Midwives of the Revolution

Explorations, analysis, and reflections on reproductive health, birth, and midwifery from a feminist, marxist lens

Orientation Time: The Cervix!

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I’m on orientation for two weeks — I get 4 patients in the morning, and 4 in the afternoon. That’s supposed to give me lots of time to get to know my patients, the charting system, and how things work in the organization with patient flow and all.

It’s been a year and a half since I graduated. The only other times I’ve laid hands on “patients” is when I have been doula to the friends and family that asked for pregnancy, birth, and postpartum support. So here I am, getting the hang of using the speculum again, and I’m having to figure out simple things like how to best help a patient sit up on the table after a bout in the stirrups. Other things, like listening to women, talk before touch, and explaining what I’m doing, haven’t changed.

As I am getting oriented to the organization and to my patients, and getting used to being in charge (not a student any more!), I am trying to also orient my patients to their own bodies.

Today, I found Nabothian cysts on two patients. I actually had not seen any on any patients while a student, so both times, they threw me off — sending me to investigate first with my heavy edition of Varney’s Midwifery and then to consult with my collaborating physician (OB). 

First, you have to get a good view of the cervix. The cervix is at the “back” of the vagina. In some women, it may be tilted down (toward the back) or tilted up (toward the abdomen). In many people, it can be found “midline,” or straight to the back if you are looking into the vagina head-on. The cervix is the mouth to the uterus — it’s where the sperm has to travel to get into the uterus in order to pass to the fallopian tubes for fertilization to occur. Most of us think about the cervix because of the pap smear, HPV, and cervical cancer. It’s also the opening that will dilate when a pregnant woman is in labor, so the baby can pass through the uterus to the vagina and out into the world. 

So…to find the cervix on an exam. We usually do the speculum exam before anything else, so as not to mess anything up first by stirring the pot. This has a disadvantage, however. If you haven’t done a digital (finger) exam first, you don’t necessarily know where to look for the cervix. It could be in any of the three positions I mentioned, and you really can’t tell from looking at a patient where her cervix might be found. You also may not know what size speculum she may need.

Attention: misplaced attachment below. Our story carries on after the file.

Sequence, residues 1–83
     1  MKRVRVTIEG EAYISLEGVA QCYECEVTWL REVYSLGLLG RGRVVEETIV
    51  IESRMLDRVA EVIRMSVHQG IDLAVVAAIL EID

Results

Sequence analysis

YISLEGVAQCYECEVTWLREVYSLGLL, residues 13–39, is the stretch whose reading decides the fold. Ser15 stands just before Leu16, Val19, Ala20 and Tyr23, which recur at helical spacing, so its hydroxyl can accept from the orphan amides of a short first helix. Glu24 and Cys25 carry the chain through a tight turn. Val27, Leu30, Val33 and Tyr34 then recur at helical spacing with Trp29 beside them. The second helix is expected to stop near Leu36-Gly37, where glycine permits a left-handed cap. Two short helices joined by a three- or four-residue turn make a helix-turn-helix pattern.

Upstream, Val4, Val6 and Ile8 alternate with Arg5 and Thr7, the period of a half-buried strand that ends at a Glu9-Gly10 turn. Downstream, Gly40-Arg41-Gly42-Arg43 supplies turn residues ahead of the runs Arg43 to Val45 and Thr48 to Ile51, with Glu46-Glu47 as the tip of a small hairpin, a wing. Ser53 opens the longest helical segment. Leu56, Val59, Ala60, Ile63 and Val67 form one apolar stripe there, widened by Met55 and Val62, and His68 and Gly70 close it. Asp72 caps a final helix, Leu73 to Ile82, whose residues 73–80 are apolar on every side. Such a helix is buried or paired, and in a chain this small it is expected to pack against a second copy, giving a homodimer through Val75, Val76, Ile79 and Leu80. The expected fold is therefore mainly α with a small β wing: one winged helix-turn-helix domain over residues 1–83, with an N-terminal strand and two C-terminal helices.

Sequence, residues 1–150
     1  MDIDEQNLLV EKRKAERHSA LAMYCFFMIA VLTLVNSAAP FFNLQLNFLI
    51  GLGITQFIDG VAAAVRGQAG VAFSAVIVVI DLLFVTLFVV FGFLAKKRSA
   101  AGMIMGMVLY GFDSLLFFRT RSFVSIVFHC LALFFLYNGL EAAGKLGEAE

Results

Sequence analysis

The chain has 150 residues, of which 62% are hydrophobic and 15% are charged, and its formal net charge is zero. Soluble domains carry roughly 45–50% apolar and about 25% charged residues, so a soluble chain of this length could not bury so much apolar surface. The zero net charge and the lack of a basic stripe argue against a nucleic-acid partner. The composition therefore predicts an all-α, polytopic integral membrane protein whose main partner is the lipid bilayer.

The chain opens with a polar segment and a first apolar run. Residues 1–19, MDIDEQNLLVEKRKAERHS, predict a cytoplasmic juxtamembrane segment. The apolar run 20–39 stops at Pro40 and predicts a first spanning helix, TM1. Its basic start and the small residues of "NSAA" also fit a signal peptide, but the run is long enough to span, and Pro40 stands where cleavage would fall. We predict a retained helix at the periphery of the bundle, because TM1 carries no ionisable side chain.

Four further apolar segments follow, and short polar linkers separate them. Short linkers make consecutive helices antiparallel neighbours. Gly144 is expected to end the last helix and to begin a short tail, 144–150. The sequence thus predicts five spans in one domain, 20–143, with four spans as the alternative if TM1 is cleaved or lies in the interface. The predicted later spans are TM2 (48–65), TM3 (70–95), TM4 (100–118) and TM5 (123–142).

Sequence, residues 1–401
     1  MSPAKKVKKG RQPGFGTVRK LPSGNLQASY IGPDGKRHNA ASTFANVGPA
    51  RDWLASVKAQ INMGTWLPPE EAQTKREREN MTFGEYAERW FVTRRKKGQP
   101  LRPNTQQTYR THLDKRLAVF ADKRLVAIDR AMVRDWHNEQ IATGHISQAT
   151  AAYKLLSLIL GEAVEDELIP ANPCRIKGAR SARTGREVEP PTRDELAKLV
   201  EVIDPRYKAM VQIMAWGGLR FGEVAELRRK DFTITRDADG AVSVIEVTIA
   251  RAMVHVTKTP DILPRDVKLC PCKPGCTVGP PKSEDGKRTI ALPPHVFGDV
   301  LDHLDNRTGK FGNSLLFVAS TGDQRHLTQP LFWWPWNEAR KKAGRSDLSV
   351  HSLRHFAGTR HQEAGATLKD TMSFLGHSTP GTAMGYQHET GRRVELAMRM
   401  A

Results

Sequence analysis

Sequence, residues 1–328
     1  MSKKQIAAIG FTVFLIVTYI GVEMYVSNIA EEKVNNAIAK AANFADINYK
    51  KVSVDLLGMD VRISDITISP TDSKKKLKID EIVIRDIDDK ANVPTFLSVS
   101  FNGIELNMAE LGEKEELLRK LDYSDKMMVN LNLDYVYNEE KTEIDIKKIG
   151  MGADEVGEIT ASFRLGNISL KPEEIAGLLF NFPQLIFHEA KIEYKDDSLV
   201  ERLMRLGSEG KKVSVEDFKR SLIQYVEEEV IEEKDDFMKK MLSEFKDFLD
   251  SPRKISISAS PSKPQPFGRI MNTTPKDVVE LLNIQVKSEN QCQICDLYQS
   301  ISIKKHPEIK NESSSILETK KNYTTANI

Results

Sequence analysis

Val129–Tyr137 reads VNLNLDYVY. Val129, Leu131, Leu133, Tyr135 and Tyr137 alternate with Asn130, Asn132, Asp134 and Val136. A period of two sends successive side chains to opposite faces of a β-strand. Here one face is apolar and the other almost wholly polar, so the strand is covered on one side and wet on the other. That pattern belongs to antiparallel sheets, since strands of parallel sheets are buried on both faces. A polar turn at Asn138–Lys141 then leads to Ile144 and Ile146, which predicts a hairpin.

“M’am, please place your feet on the stirrups here. Good! Now, keep your feet here, and try to flop your knees out toward the wall. Wiggle your toes to relax your bottom. Great! Now, here is my hand [touches back of left hand to patient’s inner right thigh]. I’m going to place the speculum now. Lots of pressure.”

Placing the speculum at a 30* angle to the floor of the vagina and pressing down ensures you aren’t putting pressure on the bladder or clit. From there…you have to kind of wiggle the speculum toward the back of the vagina, then open slowly while trying to visualize the round shiny part with the little opening. Flat if she’s had babies; small and round if she has not.

Then: what is that? You want it to be round, shiny, and pink. Some might have an area of pink around the os (inner hole) — “ectropian.” Cervicitis, or inflammation of the cervix, can be seen with sexually transmitted infections chlamydia or gonorrhea, and usually comes with discharge escaping from the os. 

What I wasn’t expecting today was present for two women I cared for: 1-2 centimeter bumps on the cervix; round to more ovoid, white with pink/reddish edges, and non-tender when touched with the fox swab (giant Q-tip). To give you a visual, here is a “normal” versus a cervix where there are Nabothian cysts:

Image

Of course, these are cartoon drawings…but you get the idea. After I took samples from the os for a pap test, STI screen, and a culture of the bump, I did a “bimanual” exam — meaning, I checked her pelvic organs using both hands. Internally, I found her cervix with my right hand. There was a hardened area on her lower cervix, but it was not tender or painful for her as I moved the cervix with one hand internally and then pressed the uterus down with my other hand.